So I hear! Sadly I didn’t make it across the Atlantic as well – my passport’s a century or two out of date. I have been appearing at RPS concerts and events all around the UK though – Manchester, Poole, Birmingham… It’s like the old days between 1871 and the last RPS concert series in the 1980s, when I always stood on the concert platform.
Fantastic! So over time you’ve become a much-loved icon of musical excellence and support for the living composer – two causes at the heart of the work and ethos of the RPS.
Sounds about right – and I’m back by popular demand.
But the RPS Bicentenary year is coming to an end. Does this mean you’ll be retiring from public life again now?
I may take things a little slower, but I’ll be making the odd guest appearance. Besides, I still have my Twitter feed @beethoven_bust to manage!
Your Pinterest page is looking pretty healthy too. Who would have thought…
At long last, the brand new RPS logo has been let loose on our website, emails and stationery – we didn’t stretch to clothing, I was always told that red and pink don’t go together. Launched in conjunction with our bicentenary celebrations, this new logo has caused a bit of a headache. How do you best encapsulate the values and outlook of an organisation in that tiny favicon at the top of your screen? The decisions are endless: straight lines or curves, abstract or pictorial, how much text, which font… and that’s before you even bring colours into the equation. Get it wrong and you’re left with something that distorts your image – like a bad haircut, but harder to get rid of.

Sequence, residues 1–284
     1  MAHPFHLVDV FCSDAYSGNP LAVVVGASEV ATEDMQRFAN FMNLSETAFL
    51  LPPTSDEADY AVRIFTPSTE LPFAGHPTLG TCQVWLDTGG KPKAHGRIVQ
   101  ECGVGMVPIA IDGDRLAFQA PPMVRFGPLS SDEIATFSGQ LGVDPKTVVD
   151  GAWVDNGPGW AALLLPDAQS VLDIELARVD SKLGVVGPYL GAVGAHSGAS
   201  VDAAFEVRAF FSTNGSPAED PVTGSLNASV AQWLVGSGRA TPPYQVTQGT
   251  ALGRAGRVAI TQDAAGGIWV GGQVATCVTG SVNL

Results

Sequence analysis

And then there’s our name, not the most malleable collection of words with a whopping great ‘Philharmonic’ bang in the middle of it. But that very word is central to the Royal Philharmonic Society’s purpose: philharmonic: adj. devoted to music; music loving – you can’t put it plainer than that! So without wanting to prescribe too literal an interpretation of our logo, if you’re seeing hearts you’re probably on the right wavelength. (Then again, some particularly creative viewers have also read it as a bird’s-eye-view of a grand piano, so let your imagination run wild…) It’s been a long journey but we love the end result, and hopefully you’ll be spotting it around a lot more as the countdown to RPS 200 begins in earnest!